- Professional Journalist
The people of Kentucky are beginning to lose confidence in the Jefferson County courts and judicial system. Legal complaints sit unheard and unresolved for years, as people’s Constitutional rights are intentionally denied. Why haven’t the Commonwealth’s Attorney General and lawmakers done more to require judges to fulfill their judiciary obligations to uphold the laws for the people of Kentucky? Are some of the judges in the Jefferson County courts corrupt or are they just plain lazy?
Scholars and teachers of Jewish law in the 1st Century BCE believed a loss of confidence in the courts leads society to anarchy and revolution. The Mishnah, Pirkei Avot 5:7, says “Rabbis … taught: the sword comes into the world, because of justice delayed and justice denied.” Is this the societal path some in the Jefferson County courts are leading us down?
Civil rights leader the Reverend Martin Luther King, Jr., wrote from a Birmingham, Alabama, jail cell in 1963 that “justice too long delayed is justice denied.” Is the Jefferson County judicial system truly sliding back in time? Peoples’ confidence in the courts appears to be rapidly deteriorating.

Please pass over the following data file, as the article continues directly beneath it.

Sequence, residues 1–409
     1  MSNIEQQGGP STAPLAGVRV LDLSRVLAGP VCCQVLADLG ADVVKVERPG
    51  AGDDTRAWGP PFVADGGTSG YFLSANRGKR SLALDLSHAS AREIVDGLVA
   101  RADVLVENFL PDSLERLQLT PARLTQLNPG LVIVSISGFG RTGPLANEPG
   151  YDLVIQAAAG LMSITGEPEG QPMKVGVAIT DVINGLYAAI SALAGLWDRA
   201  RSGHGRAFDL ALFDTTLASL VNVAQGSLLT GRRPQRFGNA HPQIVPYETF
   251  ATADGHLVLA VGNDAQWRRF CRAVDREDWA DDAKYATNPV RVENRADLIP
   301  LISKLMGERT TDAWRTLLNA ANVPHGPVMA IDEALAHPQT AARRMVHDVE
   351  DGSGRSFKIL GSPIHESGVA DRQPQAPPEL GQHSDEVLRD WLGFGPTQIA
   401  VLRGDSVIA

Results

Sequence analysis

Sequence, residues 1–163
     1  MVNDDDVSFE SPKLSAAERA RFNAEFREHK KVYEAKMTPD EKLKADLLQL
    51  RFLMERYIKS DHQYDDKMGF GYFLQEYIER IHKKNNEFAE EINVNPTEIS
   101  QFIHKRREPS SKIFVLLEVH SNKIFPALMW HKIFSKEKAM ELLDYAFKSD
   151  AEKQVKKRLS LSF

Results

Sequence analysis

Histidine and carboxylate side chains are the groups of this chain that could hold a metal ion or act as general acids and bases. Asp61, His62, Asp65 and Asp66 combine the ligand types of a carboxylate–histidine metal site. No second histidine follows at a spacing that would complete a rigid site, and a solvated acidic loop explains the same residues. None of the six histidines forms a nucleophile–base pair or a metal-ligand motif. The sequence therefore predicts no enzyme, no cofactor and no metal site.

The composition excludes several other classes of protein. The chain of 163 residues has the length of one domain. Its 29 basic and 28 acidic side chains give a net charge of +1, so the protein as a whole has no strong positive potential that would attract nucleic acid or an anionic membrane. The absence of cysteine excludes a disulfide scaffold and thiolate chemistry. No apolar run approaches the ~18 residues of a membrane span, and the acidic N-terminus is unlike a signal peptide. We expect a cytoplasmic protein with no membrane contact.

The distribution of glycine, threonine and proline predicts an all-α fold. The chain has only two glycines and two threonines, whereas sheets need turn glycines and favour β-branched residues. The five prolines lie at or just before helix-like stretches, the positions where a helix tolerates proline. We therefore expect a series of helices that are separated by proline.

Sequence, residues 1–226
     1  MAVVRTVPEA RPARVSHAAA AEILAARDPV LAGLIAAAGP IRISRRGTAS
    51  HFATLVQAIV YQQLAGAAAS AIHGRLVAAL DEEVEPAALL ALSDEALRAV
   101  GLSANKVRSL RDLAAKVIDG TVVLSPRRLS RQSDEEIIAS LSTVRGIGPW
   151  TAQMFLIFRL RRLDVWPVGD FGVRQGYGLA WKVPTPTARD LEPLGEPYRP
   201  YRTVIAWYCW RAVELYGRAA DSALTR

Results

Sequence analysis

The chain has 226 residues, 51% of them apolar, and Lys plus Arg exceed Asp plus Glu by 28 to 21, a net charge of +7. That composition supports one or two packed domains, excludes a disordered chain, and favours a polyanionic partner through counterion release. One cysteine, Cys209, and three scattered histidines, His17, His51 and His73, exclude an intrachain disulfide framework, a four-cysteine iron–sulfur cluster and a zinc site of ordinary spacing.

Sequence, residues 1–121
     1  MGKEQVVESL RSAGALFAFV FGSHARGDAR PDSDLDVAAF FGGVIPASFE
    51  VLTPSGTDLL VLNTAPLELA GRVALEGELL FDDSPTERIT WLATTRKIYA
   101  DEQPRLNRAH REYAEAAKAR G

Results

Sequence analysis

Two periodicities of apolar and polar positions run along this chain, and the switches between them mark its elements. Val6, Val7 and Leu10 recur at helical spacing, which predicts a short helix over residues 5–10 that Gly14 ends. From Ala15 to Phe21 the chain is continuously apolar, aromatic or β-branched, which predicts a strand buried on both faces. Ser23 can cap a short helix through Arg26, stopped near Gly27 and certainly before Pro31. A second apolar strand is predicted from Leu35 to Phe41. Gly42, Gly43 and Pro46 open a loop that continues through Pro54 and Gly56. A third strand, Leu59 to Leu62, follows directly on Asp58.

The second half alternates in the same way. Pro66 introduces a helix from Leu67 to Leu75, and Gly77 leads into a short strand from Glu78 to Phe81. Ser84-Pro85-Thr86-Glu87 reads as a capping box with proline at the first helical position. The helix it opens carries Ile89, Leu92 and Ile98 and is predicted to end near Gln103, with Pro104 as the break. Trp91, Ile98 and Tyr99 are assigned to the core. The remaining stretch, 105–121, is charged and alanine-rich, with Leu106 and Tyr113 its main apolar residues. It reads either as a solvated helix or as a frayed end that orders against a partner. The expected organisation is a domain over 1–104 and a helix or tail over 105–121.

A free society’s confidence in the courts is essential to maintain liberty. U.S. Supreme Court Chief Justice Warren Burger in 1970 wrote "a sense of confidence in the courts is essential to maintain the fabric of ordered liberty for a free people and three things could destroy that confidence and do incalculable damage to society: that people come to believe that inefficiency and delay will drain even a just judgment of its value; that people who have long been exploited in the smaller transactions of daily life come to believe that courts cannot vindicate their legal rights from fraud and over-reaching; that people come to believe the law – in the larger sense – cannot fulfill its primary function to protect them and their families in their homes, at their work, and on the public streets."
Are the inefficiencies and delays in the Jefferson County courts affecting an individual’s rights to unprejudiced outcomes? Are the people of our great Commonwealth beginning to believe the courts cannot vindicate their legal rights from fraud? Is the Jefferson County court capable of fulfilling its primary function to protect individuals and families of our free society?
What happens next will be determined by the actions of the Commonwealth’s elected civil servants - the guardians of justice for all, not just a select few.